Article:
They are biological systems and they can be broken or distorted just as our other ones can."

He makes rather good points. What would you say?


#6

Teaching people to think critically makes it much harder for them to be conditioned.

Is that not conditioning people?


#7

Tell him that unless he can prove the non-God mechanism or reason (I like to call it the First Explanation) that accounts for all that exists, then his belief that the First Explanation is not God is every bit as much based upon faith as is the belief of any religious person.

Ask him for his evidence that the reason there is something rather than nothing does not involve God.

Like so many people, your friend just accepts the existence of matter, energy and the scientific laws that govern them as first principles. Well, why does the matter exist? Why does the energy exist? Why do the laws (an no other laws) exist? They cannot have material explanations, or else we can simply step back one more step and ask the same question, until at some point we must arrive at an explanation that is outside of the material world, outside of that which is to be explained.

Using the famous watch-found-in-a-field example, your friend makes the common mistake of thinking that, upon finding the watchmaker’s tools and diagrams, that those tools and diagrams prove that the watchmaker does not exist. :slight_smile:

When you ask your friend for his evidence of a First Explanation that does not involve God, he will be quite unable to give it to you. Instead, he will make statements that are statements of faith. Atheistic faith, but faith nonetheless.


#8

[quote=Atheist Canard 3]“Some moral values are different between groups, some are universal.”
[/quote]

So? A difference of opinion about something doesn’t mean there’s a difference of fact. If 10 students take a math test, and 5 of them say 2 and 2 are something other than 4, it doesn’t follow that 50% of the students have an equally valid answer.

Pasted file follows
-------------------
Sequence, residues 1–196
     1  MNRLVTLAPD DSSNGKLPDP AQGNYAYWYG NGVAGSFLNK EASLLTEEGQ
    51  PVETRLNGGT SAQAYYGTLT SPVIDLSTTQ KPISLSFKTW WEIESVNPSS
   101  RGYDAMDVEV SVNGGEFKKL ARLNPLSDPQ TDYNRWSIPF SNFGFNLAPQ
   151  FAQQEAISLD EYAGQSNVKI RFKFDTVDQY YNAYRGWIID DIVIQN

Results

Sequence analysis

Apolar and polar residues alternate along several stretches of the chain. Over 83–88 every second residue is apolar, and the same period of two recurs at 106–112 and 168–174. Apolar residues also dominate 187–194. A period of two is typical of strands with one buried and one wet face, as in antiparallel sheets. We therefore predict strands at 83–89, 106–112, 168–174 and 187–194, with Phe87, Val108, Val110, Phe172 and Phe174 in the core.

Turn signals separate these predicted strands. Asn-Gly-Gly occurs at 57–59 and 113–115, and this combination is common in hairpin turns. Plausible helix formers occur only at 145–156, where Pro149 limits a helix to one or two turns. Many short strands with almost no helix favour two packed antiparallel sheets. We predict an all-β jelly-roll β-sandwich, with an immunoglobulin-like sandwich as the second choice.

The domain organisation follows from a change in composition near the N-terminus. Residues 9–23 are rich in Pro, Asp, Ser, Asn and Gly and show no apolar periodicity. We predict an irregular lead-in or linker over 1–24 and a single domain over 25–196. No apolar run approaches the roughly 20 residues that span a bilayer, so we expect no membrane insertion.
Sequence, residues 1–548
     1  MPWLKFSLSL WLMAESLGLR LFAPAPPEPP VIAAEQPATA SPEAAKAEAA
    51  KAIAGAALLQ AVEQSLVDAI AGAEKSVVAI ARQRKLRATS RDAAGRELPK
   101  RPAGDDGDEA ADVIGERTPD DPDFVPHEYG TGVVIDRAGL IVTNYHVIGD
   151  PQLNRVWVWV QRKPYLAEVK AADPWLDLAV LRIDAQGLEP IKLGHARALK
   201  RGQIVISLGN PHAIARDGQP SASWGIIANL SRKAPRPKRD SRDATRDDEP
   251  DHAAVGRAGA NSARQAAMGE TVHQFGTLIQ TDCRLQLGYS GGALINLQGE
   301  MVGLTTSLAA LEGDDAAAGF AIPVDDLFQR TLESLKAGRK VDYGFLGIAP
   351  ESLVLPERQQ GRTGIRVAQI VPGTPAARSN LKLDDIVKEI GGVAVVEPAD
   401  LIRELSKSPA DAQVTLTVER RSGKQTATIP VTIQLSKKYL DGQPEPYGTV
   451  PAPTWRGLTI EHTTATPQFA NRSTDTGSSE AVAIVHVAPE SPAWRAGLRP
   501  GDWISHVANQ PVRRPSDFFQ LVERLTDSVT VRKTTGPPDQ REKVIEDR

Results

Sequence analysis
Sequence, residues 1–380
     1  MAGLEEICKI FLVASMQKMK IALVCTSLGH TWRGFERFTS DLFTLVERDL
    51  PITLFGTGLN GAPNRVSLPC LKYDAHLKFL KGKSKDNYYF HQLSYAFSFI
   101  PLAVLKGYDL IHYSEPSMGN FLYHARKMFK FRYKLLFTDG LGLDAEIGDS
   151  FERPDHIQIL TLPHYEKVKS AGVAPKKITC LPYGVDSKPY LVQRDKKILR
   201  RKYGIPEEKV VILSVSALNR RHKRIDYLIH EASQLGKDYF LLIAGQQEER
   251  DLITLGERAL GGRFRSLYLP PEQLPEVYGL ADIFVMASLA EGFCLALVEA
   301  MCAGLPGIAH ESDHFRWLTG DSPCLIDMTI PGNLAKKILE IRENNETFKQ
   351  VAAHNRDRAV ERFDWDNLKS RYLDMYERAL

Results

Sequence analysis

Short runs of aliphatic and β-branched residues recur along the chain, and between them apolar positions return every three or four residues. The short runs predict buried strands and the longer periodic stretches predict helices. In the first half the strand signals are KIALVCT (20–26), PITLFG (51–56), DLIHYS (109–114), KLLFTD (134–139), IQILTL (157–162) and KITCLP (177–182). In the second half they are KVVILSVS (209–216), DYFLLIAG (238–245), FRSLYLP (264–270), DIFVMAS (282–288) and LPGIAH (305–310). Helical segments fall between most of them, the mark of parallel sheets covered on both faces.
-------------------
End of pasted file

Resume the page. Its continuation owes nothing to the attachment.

[quote=Atheist Canard 4.1]“You also have individuals who have their natural built in moral mechanisms broken.”
[/quote]

“Natural built in moral mechanisms”? What does that even mean? Unless the term can be adequately defined, and then that definition substantiated, it is just a collection of words.

[quote=Atheist Canard 4.2]“Human beings also seem to have the capacity through conditioning to ignore their internal mechanism. Historically religions have exploited these mechanisms (he died for you, exploits guilt and empathy) some even try to turn these off for certain tasks. Cults do this a lot.”
[/quote]

Again, this is essentially meaningless. The entire “objection” is predicated upon the existence of an undefined, undemonstrated “internal mechanism” of morality.

But, let’s say for a moment that guilt and empathy are part of this alleged “internal mechanism”. What do the facts of Jesus Christ’s death have to do with them? If, in fact, Jesus Christ did die because of my sins, then guilt and empathy are appropriate responses. To not feel guilt and empathy for causing someone’s death would be an indication of a broken “internal mechanism,” which was decried as a bad thing above. Therefore, it is the atheist, not the Catholic, whose “internal mechanism” has been distorted due to aberrant conditioning.

Also, the dreaded mention of “cults” is just another circumstantial ad hominem.

[quote=Atheist Canard 4.2]“I would say that the best way to protect these mechanisms is to prevent the conditioning systems, especially upon the youth.”

“Education is a powerful inoculation against these kinds of conditioning mechanisms. Teaching people to think critically makes it much harder for them to be conditioned.”
[/quote]

The way to prevent these “internal mechanisms” from being conditioned is through conditioning via “education”? Presumably, this must be atheist education. So, IOW, we’ve got a large-scale circular argument based on the presumed existence of “internal mechanisms” which must be protected by the allegedly corrosive effects of religion.